Ain't Nothing But a Vagina Thing

The poster above may have some social conservatives in Texas clutching their pears, but it was feminists who were fighting over whether “A Is For”’s ad campaign was offensive last week. Shortly after the group kicked off its campaign to raise money for four Texas abortion funds, a debate erupted on Twitter accusing the organizers of a concert benefiting several Texas abortion funds for being cissexist and bioessentialist in their advertising campaign. For those who may not have been hip with the lingo, a cisgender person is someone whose gender identity matches the sex they were assigned at birth. Here’s a sampling of the exchanges:

By equating women with their vaginas, a number of contemporary, “third wave” feminists objected, the billing for the fundraiser excludes transgender women who were born without one. In addition, by focusing on the vagina as the crux of female identity, the campaign shuts transgender men out of the reproductive-rights movement. “Transgender men have often been excluded from the reproductive-justice movement,” writes Dr. Jane, a medical professional who deals with trans patients, in an e-mail. “Cissexist ‘radical feminists’ habitually use language like, ‘You have a vagina! Vagina is female! Women have vaginas!’ to make transgender men feel unwelcome at best and dysphoric at worst.” Even when it comes to talking about reproductive rights, “many women find the constant insistence on the word ‘vagina’ to miss the point of their experience,” Dr. Jane says. It’s “bioessentialist,” reducing women to their reproductive organs. “[Vaginas] are a human body part. They're *not* a human, nor should they be used metonymically to mean humans,” Twitter user @noveldevice chimed in.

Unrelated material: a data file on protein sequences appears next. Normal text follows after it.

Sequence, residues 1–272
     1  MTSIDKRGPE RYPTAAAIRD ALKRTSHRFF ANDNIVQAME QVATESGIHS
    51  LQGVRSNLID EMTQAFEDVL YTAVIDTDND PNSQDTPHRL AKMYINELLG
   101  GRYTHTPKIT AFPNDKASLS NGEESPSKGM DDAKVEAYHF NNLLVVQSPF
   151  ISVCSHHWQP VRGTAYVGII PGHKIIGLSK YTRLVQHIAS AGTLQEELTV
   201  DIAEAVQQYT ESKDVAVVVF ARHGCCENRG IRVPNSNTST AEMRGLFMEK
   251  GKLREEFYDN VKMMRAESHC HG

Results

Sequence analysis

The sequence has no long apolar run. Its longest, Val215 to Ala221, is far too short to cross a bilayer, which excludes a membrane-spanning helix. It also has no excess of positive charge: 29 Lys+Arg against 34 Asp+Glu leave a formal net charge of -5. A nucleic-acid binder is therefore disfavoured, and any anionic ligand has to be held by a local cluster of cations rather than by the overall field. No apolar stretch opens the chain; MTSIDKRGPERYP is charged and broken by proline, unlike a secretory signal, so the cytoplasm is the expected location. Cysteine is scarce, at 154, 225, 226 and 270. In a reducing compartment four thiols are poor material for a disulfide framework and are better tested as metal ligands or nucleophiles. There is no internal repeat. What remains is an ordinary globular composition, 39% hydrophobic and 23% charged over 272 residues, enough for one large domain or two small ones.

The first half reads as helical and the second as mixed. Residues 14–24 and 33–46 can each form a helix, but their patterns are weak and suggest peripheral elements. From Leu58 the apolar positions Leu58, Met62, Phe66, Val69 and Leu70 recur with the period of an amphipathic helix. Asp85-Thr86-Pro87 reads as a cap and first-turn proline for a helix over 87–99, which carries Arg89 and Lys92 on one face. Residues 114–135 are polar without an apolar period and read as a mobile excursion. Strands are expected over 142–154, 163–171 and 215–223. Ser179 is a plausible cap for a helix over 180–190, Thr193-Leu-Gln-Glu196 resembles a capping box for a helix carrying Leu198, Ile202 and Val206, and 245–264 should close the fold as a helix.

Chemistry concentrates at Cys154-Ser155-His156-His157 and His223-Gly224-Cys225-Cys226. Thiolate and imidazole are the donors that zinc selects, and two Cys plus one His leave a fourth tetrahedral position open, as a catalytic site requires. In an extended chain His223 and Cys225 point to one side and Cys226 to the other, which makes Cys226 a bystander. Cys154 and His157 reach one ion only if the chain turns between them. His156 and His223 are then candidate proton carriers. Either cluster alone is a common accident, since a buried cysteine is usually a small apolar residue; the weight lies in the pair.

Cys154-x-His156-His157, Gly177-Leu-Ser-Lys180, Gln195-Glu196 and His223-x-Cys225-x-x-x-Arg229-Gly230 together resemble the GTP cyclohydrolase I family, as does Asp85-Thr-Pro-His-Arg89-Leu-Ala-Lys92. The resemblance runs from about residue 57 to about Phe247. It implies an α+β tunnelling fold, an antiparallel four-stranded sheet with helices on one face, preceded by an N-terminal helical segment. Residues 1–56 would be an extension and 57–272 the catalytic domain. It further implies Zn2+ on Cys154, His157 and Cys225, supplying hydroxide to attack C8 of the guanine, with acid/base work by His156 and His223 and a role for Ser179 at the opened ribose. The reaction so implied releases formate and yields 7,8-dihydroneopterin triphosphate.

Before you start rolling your eyes and muttering to yourself about runaway political correctness, let me make the point that the way we linguistically map out the world has important implications. Given that California’s civil unions confer all the same rights and responsibilities as marriage, the legal wrangling over Proposition 8 came down to a debate over the term “marriage” itself. By denying same-sex couples the use of the moniker and requiring them to register for “civil unions,” the state of California was signaling that same-sex relationships were inferior; given the rhetoric surrounding Proposition 8 and all the money thrown at the court battles, you couldn’t say it was a distinction without a difference. The point here is that, in California, the extended battle over Proposition 8 was all about who had the right to describe their union as a “marriage.” When it comes to identity, the words we use have the power to exclude or include certain groups of people, which is why we’ve started using gender-neutral “congressperson” instead of “congressman.” Language matters. Naming reality matters.